Images in portrait mode are a little better, with bokeh shots displaying a nice depth-of-field effect, a good quality blur gradient, and realistic noise uniformity across blurred and sharp areas. Depth estimation errors, slight motion blur on moving elements, and underwhelming color in some conditions call for continued development in bokeh rendering.
Unlike last year’s model, the recent Reno5 Pro 5G doesn’t have a tele-lens module, which accounts for the Zoom sub-score of 37, compared with 60 for the Reno 4 Pro 5G. Digital zoom is usually better at close range when the image isn’t cropped too aggressively, and that’s the case here. Stick to about 2x magnification in bright light, and texture holds up reasonably well, but in lower light or at greater magnifications, detail is very low, with fusion artifacts visible and a coarse luminance noise in very low light. Using the same sensor for tele shots, exposure and color are broadly the same, so expect to see that yellowish color cast again, especially in outdoor images.
The ultra-wide camera doesn’t provide the widest field of view we have seen. We measured it at a 16.6 mm-equivalent focal length after internal distortion correction and cropping by the device. It is sharpest at the default field of view, with overall image quality comparable to the Reno4 Pro 5G. Target exposures and detail are generally a little low, though, with slight color casts evident, as well as luminance noise and artifacts such as hue shift and fringing often visible.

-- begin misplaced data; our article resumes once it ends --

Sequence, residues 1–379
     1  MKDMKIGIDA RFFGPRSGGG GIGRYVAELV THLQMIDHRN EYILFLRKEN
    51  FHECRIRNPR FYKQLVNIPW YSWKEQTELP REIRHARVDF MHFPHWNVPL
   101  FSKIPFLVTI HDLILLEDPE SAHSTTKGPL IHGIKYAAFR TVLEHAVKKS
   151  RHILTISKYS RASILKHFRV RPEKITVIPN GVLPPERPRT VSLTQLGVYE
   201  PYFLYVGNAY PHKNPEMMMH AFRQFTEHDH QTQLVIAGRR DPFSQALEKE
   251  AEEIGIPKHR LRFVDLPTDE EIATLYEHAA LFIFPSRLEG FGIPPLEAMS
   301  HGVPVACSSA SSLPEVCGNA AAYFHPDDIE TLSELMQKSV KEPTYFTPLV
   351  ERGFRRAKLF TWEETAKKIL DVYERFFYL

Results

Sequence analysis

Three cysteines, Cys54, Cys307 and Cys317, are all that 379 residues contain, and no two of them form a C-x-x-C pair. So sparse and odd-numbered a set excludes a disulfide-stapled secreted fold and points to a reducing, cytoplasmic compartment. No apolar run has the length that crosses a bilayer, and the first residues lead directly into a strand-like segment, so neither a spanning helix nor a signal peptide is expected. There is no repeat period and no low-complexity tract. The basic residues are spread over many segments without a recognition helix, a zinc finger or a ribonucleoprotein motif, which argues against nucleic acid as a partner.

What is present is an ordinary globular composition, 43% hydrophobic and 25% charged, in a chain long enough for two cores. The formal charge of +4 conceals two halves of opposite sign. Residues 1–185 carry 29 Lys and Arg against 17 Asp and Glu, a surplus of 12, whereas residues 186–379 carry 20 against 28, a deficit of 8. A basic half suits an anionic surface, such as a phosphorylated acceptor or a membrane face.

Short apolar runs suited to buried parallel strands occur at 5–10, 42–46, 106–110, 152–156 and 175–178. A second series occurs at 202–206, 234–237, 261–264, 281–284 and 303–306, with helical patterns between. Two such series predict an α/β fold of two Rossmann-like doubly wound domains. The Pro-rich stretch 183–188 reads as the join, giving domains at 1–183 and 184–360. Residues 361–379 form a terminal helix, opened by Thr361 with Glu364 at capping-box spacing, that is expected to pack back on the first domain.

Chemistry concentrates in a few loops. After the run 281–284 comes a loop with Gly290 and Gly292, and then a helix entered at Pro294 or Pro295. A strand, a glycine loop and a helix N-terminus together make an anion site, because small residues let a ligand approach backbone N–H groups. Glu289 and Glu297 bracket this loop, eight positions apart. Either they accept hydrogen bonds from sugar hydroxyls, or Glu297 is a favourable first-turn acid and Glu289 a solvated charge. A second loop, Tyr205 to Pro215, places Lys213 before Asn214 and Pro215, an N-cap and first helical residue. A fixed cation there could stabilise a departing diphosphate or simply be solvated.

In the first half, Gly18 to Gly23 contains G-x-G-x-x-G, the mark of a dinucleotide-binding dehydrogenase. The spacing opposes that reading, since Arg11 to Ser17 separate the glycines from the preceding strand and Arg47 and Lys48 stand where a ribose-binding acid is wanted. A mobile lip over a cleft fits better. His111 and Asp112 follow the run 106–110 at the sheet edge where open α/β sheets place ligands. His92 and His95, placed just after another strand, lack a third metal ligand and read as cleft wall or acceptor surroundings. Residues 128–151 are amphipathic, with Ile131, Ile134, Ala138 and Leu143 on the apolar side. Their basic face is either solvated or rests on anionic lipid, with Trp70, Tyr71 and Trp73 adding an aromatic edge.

The Reno5 Pro 5G scores 91 for Video, which is again some ways behind its predecessor at 101. Exposure is one of its stronger aspects, with mostly accurate target exposures and wide dynamic range in test videos. Despite this, contrast and color are affected by unnatural rendering and a yellowish-green white balance, with unnatural rendering and the same yellowish green white balance.
Video autofocus is a nice strength, though, with fast, accurate, and stable performance tracking subjects in all lighting conditions. The Full HD clips we captured also display consistent texture and detail across most lighting scenarios. It dips a bit in very low light (as you’d expect), and generally details aren’t as defined as in 4K video files, but across indoor and outdoor movies it’s consistent. Noise is reasonably well controlled, too. The tradeoff with texture could be handled better indoors and in low light, but outdoor videos are clean.